Many people connected with the J.League will no doubt miss Steve Perryman.
He has been in the news again recently since his former player at Shimizu S-Pulse, Kazuyuki Toda, moved to the club which Perryman captained with such pride, Tottenham Hotspur.
I called Perryman at his London home on Saturday to find his reaction to the Toda transfer.
Unlike most people, Perryman was not surprised, because he had been recommending Toda to Tottenham for the last two years!
"For some reason they did not take the bait, but maybe they were spurred into action because he had been training with another club in the Premier League," said Perryman, referring to Sunderland, where Toda had a trial and impressed their manager, Howard Wilkinson.
Toda finally joined Spurs on a one-year loan deal, which is costing the North London club around $300,000 as a fee to S-Pulse, plus whatever Toda's wages will be.
Perryman, though, will be missed in Japan because of his honesty and his principles of fair play.
He always tried to encourage his teams to play attacking football, and disliked players who cheated, wasted time, dived and who pretended they were injured when there was nothing wrong with them.
"Japan has started late in the football world," he told me on Saturday.
"It can look around the world and take the best things from Brazil, from England, from Holland or wherever.
"And it can also reject things it does not like and does not need. For example in England, yes we will take the passion of the fans, but no we do not want the hooligans."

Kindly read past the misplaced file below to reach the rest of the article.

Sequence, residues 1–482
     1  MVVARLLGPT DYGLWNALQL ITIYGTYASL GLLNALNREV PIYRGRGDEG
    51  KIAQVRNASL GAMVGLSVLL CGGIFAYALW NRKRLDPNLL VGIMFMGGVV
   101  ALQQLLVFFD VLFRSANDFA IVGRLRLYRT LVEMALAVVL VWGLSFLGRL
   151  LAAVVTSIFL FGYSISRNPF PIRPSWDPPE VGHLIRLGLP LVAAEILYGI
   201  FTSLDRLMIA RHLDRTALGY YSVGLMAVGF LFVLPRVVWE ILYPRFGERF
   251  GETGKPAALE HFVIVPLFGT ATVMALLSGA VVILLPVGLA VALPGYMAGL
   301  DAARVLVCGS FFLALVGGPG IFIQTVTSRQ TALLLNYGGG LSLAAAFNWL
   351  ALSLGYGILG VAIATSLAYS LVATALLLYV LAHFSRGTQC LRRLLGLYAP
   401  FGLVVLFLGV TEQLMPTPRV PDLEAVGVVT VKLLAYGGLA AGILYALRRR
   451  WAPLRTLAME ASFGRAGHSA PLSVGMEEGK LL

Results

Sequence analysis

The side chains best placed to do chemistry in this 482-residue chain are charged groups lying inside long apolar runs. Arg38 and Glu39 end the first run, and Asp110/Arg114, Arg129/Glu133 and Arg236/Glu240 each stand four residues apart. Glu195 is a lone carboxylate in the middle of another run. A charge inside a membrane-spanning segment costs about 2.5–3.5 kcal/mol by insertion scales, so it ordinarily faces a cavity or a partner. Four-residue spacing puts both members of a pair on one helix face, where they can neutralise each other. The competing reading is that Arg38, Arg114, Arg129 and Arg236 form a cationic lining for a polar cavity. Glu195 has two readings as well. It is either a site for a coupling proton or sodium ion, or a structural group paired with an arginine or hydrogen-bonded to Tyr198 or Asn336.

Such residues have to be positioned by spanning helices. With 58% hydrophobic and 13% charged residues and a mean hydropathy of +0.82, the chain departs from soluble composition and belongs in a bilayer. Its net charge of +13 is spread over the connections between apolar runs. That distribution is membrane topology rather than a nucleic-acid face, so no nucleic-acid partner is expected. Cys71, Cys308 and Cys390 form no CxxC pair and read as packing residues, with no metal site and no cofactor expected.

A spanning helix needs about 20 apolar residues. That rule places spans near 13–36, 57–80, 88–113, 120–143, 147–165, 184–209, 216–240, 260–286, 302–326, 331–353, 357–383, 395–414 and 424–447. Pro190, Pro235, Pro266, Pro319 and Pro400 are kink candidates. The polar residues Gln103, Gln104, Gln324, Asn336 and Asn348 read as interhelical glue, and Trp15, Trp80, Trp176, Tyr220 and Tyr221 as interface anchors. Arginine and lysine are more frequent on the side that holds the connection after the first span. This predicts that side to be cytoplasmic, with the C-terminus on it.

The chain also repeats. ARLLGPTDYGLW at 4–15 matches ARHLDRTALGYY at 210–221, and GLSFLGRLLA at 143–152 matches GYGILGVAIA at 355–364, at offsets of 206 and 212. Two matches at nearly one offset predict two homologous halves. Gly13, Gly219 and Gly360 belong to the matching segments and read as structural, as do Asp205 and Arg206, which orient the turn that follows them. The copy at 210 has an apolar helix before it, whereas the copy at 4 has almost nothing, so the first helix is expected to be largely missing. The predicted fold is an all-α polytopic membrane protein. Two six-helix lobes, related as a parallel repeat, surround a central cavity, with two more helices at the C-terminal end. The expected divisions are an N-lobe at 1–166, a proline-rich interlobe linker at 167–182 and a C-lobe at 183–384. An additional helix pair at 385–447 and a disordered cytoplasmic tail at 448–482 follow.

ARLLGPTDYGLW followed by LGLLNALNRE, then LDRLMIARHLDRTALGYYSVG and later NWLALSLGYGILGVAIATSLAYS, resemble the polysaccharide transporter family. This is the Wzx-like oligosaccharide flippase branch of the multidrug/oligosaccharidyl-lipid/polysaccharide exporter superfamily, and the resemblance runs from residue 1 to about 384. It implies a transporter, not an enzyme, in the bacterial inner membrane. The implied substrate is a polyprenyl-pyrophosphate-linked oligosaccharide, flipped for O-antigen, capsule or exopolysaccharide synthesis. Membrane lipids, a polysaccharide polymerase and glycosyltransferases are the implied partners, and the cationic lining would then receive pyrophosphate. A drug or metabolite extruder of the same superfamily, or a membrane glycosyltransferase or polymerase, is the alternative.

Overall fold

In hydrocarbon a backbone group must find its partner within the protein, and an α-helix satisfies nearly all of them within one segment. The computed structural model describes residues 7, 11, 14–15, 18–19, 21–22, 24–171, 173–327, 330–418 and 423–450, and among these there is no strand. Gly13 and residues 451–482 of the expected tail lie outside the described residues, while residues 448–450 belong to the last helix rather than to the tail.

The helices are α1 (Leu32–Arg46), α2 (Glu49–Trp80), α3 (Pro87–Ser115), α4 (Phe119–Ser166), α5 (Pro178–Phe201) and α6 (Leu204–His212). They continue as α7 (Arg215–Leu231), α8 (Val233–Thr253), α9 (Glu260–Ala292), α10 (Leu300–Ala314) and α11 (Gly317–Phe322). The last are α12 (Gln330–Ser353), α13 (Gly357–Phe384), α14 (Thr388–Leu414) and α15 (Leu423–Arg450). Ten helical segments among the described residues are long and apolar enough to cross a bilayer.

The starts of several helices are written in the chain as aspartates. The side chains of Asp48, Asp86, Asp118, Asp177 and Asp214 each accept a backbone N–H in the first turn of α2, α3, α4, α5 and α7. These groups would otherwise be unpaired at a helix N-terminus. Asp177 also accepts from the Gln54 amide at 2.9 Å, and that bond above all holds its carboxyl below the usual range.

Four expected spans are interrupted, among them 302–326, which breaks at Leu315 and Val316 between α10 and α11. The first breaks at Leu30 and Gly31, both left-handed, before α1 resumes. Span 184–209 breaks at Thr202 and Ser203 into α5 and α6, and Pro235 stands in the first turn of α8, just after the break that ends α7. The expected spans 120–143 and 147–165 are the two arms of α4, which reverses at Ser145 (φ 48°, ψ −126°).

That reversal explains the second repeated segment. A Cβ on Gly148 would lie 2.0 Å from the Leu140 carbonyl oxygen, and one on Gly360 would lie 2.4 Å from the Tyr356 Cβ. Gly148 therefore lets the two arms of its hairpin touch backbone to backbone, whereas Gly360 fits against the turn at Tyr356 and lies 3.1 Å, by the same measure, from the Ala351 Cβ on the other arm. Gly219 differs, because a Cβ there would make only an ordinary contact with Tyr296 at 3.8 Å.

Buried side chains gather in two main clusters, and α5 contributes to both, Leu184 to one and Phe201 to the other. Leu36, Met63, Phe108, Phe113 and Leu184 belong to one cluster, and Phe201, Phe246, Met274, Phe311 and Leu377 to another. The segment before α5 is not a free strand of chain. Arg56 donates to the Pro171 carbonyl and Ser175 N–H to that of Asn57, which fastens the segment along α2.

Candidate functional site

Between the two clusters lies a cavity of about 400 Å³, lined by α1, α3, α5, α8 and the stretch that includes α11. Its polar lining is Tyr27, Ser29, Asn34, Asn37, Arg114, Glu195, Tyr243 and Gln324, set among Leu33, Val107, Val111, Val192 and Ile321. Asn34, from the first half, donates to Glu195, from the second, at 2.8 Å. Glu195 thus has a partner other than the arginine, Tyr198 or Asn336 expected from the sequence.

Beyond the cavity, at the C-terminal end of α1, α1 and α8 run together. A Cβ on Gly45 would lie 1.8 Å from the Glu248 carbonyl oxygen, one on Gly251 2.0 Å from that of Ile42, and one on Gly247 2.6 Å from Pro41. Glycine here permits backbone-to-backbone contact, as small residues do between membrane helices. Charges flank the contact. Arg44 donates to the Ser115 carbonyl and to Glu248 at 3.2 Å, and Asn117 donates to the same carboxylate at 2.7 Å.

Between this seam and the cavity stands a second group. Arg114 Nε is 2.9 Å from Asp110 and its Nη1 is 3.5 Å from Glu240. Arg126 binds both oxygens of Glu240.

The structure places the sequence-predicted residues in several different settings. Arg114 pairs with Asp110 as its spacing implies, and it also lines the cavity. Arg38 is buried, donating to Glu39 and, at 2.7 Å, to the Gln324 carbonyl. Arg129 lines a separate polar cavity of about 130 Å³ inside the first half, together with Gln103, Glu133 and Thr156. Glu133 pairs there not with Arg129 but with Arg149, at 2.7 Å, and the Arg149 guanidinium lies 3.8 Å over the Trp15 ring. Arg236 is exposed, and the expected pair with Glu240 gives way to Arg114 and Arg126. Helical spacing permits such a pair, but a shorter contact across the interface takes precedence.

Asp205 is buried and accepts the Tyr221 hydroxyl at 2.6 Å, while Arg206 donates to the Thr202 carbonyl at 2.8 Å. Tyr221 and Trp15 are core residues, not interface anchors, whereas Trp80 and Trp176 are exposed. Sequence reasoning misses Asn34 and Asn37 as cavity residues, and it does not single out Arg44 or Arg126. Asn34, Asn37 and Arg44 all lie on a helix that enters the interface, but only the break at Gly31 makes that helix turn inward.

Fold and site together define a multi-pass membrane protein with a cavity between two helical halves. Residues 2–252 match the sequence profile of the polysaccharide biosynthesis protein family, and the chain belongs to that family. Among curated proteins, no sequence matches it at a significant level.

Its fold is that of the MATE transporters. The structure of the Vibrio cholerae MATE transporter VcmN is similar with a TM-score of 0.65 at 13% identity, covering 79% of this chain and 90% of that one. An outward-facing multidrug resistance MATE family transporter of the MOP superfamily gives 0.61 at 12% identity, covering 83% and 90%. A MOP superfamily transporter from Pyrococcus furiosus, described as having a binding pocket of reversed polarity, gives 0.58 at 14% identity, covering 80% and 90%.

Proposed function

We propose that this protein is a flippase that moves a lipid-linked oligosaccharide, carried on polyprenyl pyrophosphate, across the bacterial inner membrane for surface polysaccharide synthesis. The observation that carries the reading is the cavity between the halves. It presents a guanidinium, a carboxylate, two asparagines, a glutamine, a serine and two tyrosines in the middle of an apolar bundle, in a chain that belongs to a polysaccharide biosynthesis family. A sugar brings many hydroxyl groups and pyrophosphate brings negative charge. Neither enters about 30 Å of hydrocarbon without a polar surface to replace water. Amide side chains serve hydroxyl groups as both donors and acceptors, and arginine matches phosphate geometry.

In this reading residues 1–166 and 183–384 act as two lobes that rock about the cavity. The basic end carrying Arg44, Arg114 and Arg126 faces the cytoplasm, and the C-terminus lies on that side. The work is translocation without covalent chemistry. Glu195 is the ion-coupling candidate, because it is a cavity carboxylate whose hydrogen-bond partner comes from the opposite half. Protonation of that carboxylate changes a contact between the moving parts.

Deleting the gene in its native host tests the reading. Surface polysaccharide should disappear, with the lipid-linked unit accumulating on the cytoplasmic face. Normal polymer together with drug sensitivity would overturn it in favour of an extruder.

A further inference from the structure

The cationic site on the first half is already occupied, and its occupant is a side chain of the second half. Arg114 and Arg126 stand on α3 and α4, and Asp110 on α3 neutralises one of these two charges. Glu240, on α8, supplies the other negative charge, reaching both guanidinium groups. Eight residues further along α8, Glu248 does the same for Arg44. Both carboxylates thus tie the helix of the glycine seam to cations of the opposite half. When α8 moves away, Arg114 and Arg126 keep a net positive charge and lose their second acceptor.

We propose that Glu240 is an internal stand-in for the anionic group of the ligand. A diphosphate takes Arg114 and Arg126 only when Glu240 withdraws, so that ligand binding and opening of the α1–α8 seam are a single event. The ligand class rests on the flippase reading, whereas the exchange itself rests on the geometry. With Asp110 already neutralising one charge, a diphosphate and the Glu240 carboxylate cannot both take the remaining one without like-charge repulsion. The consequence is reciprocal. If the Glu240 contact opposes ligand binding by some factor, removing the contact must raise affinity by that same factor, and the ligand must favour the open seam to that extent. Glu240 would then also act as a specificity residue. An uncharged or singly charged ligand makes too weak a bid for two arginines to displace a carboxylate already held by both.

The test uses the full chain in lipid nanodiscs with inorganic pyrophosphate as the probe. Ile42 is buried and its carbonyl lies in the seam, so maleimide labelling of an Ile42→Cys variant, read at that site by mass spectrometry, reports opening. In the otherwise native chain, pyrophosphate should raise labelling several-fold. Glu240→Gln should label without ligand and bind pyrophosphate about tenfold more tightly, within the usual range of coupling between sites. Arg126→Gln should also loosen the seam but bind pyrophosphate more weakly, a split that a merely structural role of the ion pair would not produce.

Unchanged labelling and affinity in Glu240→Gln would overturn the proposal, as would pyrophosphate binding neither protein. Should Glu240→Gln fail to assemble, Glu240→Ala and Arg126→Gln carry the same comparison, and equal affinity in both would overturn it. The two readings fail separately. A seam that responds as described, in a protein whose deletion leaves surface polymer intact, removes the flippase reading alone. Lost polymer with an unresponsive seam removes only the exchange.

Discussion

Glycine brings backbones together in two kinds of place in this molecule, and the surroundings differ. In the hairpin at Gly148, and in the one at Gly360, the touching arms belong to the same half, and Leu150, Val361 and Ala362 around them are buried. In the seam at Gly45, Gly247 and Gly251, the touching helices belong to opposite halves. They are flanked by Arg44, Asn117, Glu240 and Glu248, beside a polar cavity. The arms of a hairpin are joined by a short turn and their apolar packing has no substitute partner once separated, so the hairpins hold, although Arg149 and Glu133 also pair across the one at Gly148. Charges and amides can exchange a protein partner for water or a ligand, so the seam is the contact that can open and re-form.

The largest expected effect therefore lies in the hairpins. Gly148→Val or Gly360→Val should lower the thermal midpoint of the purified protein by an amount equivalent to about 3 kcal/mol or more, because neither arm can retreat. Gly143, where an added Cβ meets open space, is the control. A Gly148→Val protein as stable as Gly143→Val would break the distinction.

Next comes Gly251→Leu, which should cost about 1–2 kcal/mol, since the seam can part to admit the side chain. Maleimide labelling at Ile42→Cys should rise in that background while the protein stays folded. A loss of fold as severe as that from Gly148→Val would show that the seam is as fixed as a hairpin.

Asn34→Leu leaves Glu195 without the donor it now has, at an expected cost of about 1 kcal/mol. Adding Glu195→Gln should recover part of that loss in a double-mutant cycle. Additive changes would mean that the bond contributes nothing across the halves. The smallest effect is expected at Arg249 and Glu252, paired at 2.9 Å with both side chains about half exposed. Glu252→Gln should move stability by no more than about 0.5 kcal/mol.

Perryman always talks such sense.
During his time with S-Pulse, the rivalry with the other Shizuoka club, Jubilo Iwata, was intense.
But Perryman often thought Jubilo got preferential treatment from referees and from officialdom in general, prompting him to once say the "J" in J.League stood for "Jubilo."
Believe it or not, Perryman is actually taking some of the credit for Jubilo's two-stage title sweep last season!
He feels Jubilo won both stages because they "focused on playing football rather than on cheating."
In particular he recalled a game at Nihondaira in April 1999 between S-Pulse and Jubilo, which Jubilo won 5-2.
"We had got it back to 4-2, and one of our players, Hattori, went to retrieve the ball to take it back to the center circle," recalled Perryman.
"But he was stopped from doing this by two Jubilo players, who pinned him into the back of the net.
"There was a bit of pushing, and the referee decided to show Hattori the red card. So the player who had been trying to restart the game was sent off, and the two who stopped him stayed on the field!
"After the game I said to the Jubilo manager that this was the worst day for Japanese football in the history of the J.League."
Perryman criticised Jubilo in the media, and feels his words may have had some effect.
"It takes people to speak out and sometimes make enemies," said Perryman.
"If Jubilo had played football against us all the game they could have beaten us 10-2, not 5-2, because they were so much better than us."
Perryman is missed, maybe not by Jubilo Iwata, but by people who also want to see fair play.